Eighth and last in the series Accent through the keyhole. Scroll down for the mp3 podcast version.
What’s the correct answer to the accent by numbers puzzle?
Well, you have to join the dots in this order: won, tur, free, faugh, fife, sucks, savn, airt, noyne, tin, ulleven – if you do that, you get a big star! Obviously, those are the numbers 1-11 in different accents. The spellings are only approximate, of course, and they’re based on GB (General British) spelling conventions, eg the ‘r’ in airt is not pronounced. But you get the idea: this puzzle replicates in print the experience of hearing different accent.
According to my dictionary, won and one are identical in pronunciation. So this number in the puzzle has no accent, right?
As I said last week, there’s no such thing as no accent. The GB (or RP) given in British dictionaries is an accent too. Actually, for me, one has always rhymed with gone, and I remember being very surprised about the dictionary transcription making it sound like won. There’s also another number in the puzzle which is in the GB accent: the number 4 - faugh. I’ve spelt it this way to highlight the fact that the ‘r’ is not pronounced in this accent.
Wouldn’t it be easier if everyone spoke English with the same accent?
Perhaps. That strategy was implicit in the past, when we were trained to teach pronunciation to a standard prestige model such as Received Pronunciation or General American. On this model, there was a symmetry between speaking and listening: eventually, everybody would speak in the same accent, and they would understand that accent spoken by others (and have zero tolerance for any other accent). Trouble is, the eventually never comes, and in the mean time, people just get on with trying to communicate with what they’ve already got. And so, with out any help from policy makers, the new model becomes asymmetrical: people speak with their own accent, and in turn, become tolerant of accent variety in the speech of others. The receptive repertoire become much bigger than the productive.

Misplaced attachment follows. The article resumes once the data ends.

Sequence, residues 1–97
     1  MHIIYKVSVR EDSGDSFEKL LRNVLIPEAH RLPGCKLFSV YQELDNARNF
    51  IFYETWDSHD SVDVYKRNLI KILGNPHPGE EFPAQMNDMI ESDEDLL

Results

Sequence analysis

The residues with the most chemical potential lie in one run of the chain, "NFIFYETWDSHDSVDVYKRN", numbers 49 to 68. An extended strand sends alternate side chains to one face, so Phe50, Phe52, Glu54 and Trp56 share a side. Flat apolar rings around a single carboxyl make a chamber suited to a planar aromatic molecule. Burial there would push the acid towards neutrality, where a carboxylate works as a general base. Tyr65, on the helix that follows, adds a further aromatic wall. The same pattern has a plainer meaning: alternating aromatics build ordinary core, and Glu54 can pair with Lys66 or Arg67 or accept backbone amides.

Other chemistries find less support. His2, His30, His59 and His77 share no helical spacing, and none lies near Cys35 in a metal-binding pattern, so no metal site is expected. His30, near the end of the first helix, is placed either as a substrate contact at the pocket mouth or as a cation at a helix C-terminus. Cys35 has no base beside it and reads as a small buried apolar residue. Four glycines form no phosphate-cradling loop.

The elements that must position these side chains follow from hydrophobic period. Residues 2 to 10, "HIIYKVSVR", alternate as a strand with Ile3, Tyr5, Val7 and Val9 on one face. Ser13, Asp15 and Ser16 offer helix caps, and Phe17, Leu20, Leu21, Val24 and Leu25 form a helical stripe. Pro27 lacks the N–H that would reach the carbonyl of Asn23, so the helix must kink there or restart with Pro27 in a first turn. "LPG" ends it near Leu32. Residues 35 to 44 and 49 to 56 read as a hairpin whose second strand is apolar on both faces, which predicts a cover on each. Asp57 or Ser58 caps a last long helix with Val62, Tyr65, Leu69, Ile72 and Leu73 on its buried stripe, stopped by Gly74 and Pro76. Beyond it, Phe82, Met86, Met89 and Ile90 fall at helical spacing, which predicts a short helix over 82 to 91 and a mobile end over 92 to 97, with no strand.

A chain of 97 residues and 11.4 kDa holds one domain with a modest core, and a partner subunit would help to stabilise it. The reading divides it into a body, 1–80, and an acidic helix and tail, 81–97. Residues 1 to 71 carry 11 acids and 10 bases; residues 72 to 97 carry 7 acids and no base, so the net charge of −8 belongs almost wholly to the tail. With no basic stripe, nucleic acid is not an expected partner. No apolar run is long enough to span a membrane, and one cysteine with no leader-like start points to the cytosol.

So how can we learn to be more accent tolerant?
Two ways. First, you need exposure to various accents. Students didn’t get much of this in traditional coursebooks, where the audio was mainly a standard native accent. Nowadays, ELT material tends to incorporate more accent variety, and in any case there’s an immense amount of listening material available online. You can't be familiar with all accents of course, but there are some variations are more common than others, and some of these are the ones we've covered in this series of blogs/podcasts.
Right. And the second way?
The second way is to listen in good faith. Sometimes, people close up when they hear an unfamiliar accent. It’s not that they don’t understand, it’s that they won’t. We all have to try a bit harder as listeners. Use your head, look around at the context, try to work out what they might be trying to say. Once you get a handle on that, pay attention to the accent features that made it hard and be ready for them next time you meet someone with a similar accent.
Coming back to the theme of numbers, there’s a very funny video from the BBC Scotland sketch show Burnistoun showing two guys in a lift. The lift has no buttons and is activated by voice. The two guys are heading for the eleventh floor and so they call out ulleven in their Scottish accents. The voice recognition machine just doesn’t get it, doesn’t even try, and they’re stuck in there for ages. The frustration you can see on their faces is a perfect picture of what it’s like talking to someone with zero accent tolerance.
Last Week: Twang